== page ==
Sunday, September 27, 2009

The Last Days of Chez Sophie

It's the end of an era. Chez Sophie has been a popular restaurant for special occasion dining in Saratoga for a good many years, but it will close forever on September 30. Our friend Lou drove out from Rochester to catch the final Saturday night. We joined him and ate very well. Both Lou and the HH* are former Daily Gazette (Schenectady, NY) employees and they knew Cheryl Clark when she, too, worked there. Cheryl married Paul Parker, son of Sophie, and for the last several years they have been running the restaurant. But the strain on the two parents managing a busy restaurant in a tough economy while raising two little ones prompted them to think about making some changes. So they are heading to France to live and Chez Sophie will soon be no more.

Cheryl wrote: This fall we are moving with Nico and Léo to a glorious vineyard in the south of France. We will be working as a family to market and present the property as a vacation destination (complete with a cooking seminars with Chef Paul) and helping to restore a medieval castle on the site. We'll serve guests meals from local produce cooked over olive wood and grapevines in an eight-foot wide fireplace under the vaulted stone ceiling of a 15th century farmhouse.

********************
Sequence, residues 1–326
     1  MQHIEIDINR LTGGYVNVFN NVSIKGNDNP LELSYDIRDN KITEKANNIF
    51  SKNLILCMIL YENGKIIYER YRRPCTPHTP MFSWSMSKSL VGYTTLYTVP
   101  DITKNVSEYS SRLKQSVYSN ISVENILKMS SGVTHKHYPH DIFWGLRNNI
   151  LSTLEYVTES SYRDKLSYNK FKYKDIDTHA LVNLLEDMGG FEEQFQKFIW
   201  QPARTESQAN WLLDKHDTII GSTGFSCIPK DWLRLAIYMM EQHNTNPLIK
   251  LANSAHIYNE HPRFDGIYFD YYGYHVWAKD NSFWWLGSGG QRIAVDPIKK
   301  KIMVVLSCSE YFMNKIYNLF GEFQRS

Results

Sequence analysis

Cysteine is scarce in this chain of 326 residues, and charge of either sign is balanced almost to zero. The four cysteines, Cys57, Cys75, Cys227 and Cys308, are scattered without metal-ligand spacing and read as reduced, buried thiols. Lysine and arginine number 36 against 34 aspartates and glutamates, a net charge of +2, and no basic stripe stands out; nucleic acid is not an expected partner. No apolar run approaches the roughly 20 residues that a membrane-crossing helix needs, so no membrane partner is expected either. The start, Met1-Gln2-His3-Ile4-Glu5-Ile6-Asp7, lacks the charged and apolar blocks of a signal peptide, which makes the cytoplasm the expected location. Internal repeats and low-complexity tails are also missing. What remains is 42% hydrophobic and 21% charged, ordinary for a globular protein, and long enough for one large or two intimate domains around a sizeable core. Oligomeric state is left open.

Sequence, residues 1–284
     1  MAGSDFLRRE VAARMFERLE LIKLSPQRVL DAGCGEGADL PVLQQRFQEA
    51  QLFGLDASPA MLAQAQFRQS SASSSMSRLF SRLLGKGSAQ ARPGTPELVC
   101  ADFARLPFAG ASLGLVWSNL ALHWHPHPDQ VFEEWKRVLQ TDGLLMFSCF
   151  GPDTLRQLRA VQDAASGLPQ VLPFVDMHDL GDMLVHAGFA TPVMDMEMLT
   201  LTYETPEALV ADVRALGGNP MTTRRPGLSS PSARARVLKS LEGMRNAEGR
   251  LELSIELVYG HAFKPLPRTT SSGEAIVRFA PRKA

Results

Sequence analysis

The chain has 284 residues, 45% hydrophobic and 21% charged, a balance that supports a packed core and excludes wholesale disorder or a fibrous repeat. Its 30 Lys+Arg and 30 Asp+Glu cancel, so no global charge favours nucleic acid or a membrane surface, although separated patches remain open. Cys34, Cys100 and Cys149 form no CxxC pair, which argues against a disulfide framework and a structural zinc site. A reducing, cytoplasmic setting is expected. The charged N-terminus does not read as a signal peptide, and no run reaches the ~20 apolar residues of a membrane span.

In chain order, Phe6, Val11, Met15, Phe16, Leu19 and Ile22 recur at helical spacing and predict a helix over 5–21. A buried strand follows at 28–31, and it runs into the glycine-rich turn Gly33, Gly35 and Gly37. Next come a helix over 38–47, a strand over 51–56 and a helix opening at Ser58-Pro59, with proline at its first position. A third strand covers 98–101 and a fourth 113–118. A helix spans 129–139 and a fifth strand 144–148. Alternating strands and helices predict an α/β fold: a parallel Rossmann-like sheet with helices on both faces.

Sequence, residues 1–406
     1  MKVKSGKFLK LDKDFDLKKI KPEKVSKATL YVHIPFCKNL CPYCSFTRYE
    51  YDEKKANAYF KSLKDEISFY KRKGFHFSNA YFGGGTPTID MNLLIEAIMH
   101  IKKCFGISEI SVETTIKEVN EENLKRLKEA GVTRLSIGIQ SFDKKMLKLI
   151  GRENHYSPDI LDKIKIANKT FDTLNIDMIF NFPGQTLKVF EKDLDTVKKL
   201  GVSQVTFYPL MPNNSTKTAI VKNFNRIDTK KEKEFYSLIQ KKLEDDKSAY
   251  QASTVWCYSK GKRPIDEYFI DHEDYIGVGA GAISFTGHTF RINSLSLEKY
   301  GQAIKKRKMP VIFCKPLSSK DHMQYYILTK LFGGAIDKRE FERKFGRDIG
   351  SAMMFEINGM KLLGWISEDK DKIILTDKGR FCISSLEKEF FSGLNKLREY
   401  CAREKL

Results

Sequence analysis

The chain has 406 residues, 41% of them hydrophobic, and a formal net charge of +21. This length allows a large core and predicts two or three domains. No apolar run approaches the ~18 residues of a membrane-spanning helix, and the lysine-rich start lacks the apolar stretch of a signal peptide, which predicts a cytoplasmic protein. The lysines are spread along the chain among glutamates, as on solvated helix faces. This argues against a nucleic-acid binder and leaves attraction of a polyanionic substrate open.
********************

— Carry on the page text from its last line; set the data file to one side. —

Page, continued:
We wish them bonne chance and bon voyage.

Pictured here left to right: Bob Conner (PlanetAlbany), Cheryl Clark of Chez Sophie, and Lou Rappaport, retired Gazetteer.


* HH = Handsome Husband

Saturday, September 26, 2009

The Manhattan Transfer and the Lovely Luawana Ladies

When my older sisters were around ten and twelve (they are now, cough, in their sixties) they saw a Cecil B. DeMille movie called The Greatest Show on Earth. This film about a circus featured many stars of the time including Dorothy Lamour in a sarong singing Lovely Luawana Lady
as she did a sort of hula. My mother somehow got the sheet music for this song and it eventually became part of our family lore. As adults, my sisters and I would sing the song and do the hula whenever we got together and could use this "act" to appall or embarrass our children. I believe that my own children feel that it is time to put this routine to rest for good.